Thursday, August 21, 2008

New X-Men: 'Imperial' (122-126)

‘Imperial’ is a storyline that has a few significant problems, most notably the heavy emphasis on the Shiar, and the rushed, sloppy art of Igor Kordey. But, it’s also got some really great moments, particularly the final issue, which closes out the year long Cassandra Nova story and sets the stage for exciting new developments.

What I love so much about Grant’s X-Men is the groundedness of the whole thing. He’s talked about superhero comics as a model for human evolution, an idea that was never as spot on as it was with NXM. Works like Seven Soldiers or JLA are largely about exploring what it would be like to live in the DC Universe. This doesn’t mean they’re not emotionally or conceptually relevant, it’s just that there’s a distance between their world and our world. Think of Animal Man, it’s a brilliant book, but are any of us likely to find out that we live in a fictional universe?

Perhaps, but I think it’s more likely we’d find out we’re in a world where evolution has created a new human species, and the culture is changing as a result. What NXM is about is dealing with that new world, trying to find out how the social structures of traditional humanity can weather change. There’s that discussion of mutant vs. human justice at the end of this story, a key summation of the series’ themes. Everything is evolving, how can we deal with it?

Particularly in the grounded universe of New X-Men, the sci-fi elements of the Shiar stand out as rather implausible. I don’t think they’ve ever really worked as a part of the X-Men mythos, obviously the Phoenix stories are great, but it’s the character work that makes those a success, not the space craziness of the Shiar. Grant writes good cosmic action at the start of #122, and Quitely draws it well, but it feels incongruous in the universe he’s created.

So, it’s nice to literally zoom down to Earth for Emma’s discussion about redesigning their curriculum to move away from the human paradigm and create something new. The series debuted less than a year after The Invisibles ended, and a lot of the concepts of The Invisibles turn up here. You could easily imagine Jack teaching a class like this after his appearance in 3.2. At this point, it’s not a question of human vs. mutant, humans will soon be extinct, and it’s up to mutants to build whatever kind of new world they want to build. Xavier’s is the lab in which they will experiment and create that world. As Emma says, “The whole world is watching us now. We must be nothing less than fabulous.”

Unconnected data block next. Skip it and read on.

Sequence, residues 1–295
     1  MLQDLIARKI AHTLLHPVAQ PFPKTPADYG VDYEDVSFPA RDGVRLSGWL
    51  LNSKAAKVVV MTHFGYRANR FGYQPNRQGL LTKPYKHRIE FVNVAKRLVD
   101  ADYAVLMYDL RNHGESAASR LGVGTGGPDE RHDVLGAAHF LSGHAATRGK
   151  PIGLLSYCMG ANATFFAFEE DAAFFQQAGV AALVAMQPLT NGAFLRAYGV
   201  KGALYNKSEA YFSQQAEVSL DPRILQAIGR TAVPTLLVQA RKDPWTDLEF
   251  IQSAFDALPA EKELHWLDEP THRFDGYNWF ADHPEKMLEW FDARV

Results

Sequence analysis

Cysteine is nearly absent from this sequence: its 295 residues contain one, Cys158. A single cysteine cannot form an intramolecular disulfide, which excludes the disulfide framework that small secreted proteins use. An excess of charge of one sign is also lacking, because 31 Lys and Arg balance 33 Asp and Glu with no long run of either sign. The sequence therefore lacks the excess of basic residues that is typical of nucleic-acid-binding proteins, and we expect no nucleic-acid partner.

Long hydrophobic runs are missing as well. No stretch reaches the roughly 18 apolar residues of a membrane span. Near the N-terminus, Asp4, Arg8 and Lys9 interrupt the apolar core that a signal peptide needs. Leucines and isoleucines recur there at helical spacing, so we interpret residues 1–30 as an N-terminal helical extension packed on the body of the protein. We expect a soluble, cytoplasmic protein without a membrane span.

The scene with Scott and Jean reinforces the changing paradigm. Scott is afraid of disrupting the status quo, he doesn’t want to risk the wrath of mainstream society by changing the way Xavier’s runs. He’s essentially worried that the X-Men are turning into Magneto, valuing mutant culture above all and leaving humans to die. The fact that humanity will become extinct has changed the paradigm of the entire series, now it’s the humans who are scared, the mutants who hold the power. There’s two killer lines in this scene which sum up so much of what is great about Morrison’s run on the book. One is Jean saying “We can’t afford to be ashamed any more. We can’t strap down our wings or hide our strange eyes and brilliant minds.”

The other is “We have more important things to do than worry about whether our glowing eyes frighten the Republicans!” That’s a quote that I wish more Democratic politicians would take to heart. The best way to advance humanity isn’t to worry about those who are scared of change, it’s to create a new world all around them, until they’re forced to catch up. That’s essentially the argument Scott and Jean are having, should they build a new world now, or should they give humanity time to catch up. Much like The Invisibles in Volume III, Jean is already living in that new world, she’s done with the us vs. them rhetoric, done with the war. It’s time to live like they’ve already won.

From there, it’s a bunch of background on Cassanda, setting up the threat that she poses to the school. One of the reasons I generally prefer the later pieces of Morrison’s run to the first year is that I’m not a huge fan of Cassandra as a villain. I think she’s great in the opening arc, but after that, she just does the cackling evil routine for a while, until the X-Men defeat her. Particularly when she’s up with the Shiar, it’s just the same beats over and over again for a few issues. It’s not until she gets back to Earth in the last issue that we get some interesting stuff again.

Closing out the first issue is the wonderful moment where Smasher relays his message about the fate of humanity…to a bunch of cows. It’s a great gag, and a nice play on the way aliens might view the world we live in. For all they now, cows are just as important as humans.

The next issue brings Emma and the Stepford Cuckoos to the fore for their most prominent role in the series to date. Her interactions with them are always a highlight of the series, and her dialogue is infinitely quotable. The whole plot with Esme and the alien Stuff foreshadows what we’ll see later in the series, when the Cuckoos break apart and get involved with Magneto and his new Brotherhood of Evil. But, on a basic level, I like the story because it spins the way first love feels through the cosmic story Morrison is telling. The obvious predecessor is the Angelus transformation in Buffy season two.